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Spatial and temporal investigations of reported movements, births and deaths of cattle and pigs in Sweden
Acta Veterinaria Scandinavica volume 51, Article number: 37 (2009)
Livestock movements can affect the spread and control of contagious diseases and new data recording systems enable analysis of these movements. The results can be used for contingency planning, modelling of disease spread and design of disease control programs.
Data on the Swedish cattle and pig populations during the period July 2005 until June 2006 were obtained from databases held by the Swedish Board of Agriculture. Movements of cattle and pigs were investigated from geographical and temporal perspectives, births and deaths of cattle were investigated from a temporal perspective and the geographical distribution of holdings was also investigated.
Most movements of cattle and pigs were to holdings within 100 km, but movements up to 1200 km occurred. Consequently, the majority of movements occurred within the same county or to adjacent counties. Approximately 54% of the cattle holdings and 45% of the pig holdings did not purchase any live animals. Seasonal variations in births and deaths of cattle were identified, with peaks in spring. Cattle movements peaked in spring and autumn. The maximum number of holdings within a 3 km radius of one holding was 45 for cattle and 23 for pigs, with large variations among counties. Missing data and reporting bias (digit preference) were detected in the data.
The databases are valuable tools in contact tracing. However since movements can be reported up to a week after the event and some data are missing they cannot replace other methods in the acute phase of an outbreak. We identified long distance transports of cattle and pigs, and these findings support an implementation of a total standstill in the country in the case of an outbreak of foot-and-mouth disease. The databases contain valuable information and improvements in data quality would make them even more useful.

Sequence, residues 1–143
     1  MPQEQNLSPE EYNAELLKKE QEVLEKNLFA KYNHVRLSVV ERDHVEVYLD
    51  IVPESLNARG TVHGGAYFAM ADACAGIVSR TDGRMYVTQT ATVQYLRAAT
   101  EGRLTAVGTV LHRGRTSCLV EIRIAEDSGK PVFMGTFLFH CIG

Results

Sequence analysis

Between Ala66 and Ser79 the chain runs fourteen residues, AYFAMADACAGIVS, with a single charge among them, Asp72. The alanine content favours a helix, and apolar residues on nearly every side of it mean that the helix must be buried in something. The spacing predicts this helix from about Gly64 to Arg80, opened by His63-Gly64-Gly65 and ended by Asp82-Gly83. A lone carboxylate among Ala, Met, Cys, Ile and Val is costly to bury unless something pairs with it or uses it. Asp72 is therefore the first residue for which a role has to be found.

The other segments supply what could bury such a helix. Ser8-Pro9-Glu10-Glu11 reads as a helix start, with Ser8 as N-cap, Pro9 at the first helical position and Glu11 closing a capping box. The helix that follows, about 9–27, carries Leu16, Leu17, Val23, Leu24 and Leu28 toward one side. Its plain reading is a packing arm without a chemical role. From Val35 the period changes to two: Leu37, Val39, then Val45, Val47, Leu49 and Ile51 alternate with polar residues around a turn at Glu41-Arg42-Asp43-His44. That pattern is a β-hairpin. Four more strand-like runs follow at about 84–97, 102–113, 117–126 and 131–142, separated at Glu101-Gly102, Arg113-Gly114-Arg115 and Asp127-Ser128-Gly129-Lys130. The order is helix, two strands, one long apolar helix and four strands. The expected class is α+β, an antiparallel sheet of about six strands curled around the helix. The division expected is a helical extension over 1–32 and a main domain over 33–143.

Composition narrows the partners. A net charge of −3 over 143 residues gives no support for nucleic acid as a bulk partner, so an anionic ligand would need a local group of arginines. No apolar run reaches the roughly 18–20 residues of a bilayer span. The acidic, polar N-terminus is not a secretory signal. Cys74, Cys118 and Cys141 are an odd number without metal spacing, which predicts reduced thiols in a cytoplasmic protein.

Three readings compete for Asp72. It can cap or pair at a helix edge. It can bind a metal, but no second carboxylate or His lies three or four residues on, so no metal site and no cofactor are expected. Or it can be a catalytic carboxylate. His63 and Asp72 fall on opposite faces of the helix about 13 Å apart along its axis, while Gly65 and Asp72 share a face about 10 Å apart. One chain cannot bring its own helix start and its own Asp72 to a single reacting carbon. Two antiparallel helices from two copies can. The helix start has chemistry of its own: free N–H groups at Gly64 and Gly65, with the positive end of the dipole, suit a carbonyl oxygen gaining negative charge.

There are several reasons to study movements of livestock and population dynamics; animal welfare, finances, environmental aspects and spread and control of infectious diseases. Irrespective of the disease - endemic, exotic or zoonotic - live animal movements are almost always an important route of disease spread. [1, 2]
In case of an outbreak of a highly contagious animal disease such as foot-and-mouth disease (FMD), movements of livestock can be totally banned, in accordance with EU-regulations, to prevent further spread . Such a standstill can include the whole country or only parts of the country. In a later stage of the outbreak regionalisation can be introduced, allowing certain activities and movements within but not between the regions. Standstills and restrictions generate great losses to the industry, while the spread of disease can induce far greater losses . A better understanding of the movements of livestock could help determine standstills in the acute phase of an outbreak and to capture appropriate regions when regionalising the country. Another part in disease eradication is the implementation of protection and surveillance zones around the infected holdings. The minimum radii of these zones are 3 km and 10 km and the geographical clustering of holdings will greatly affect the number of holdings within these zones [3, 5].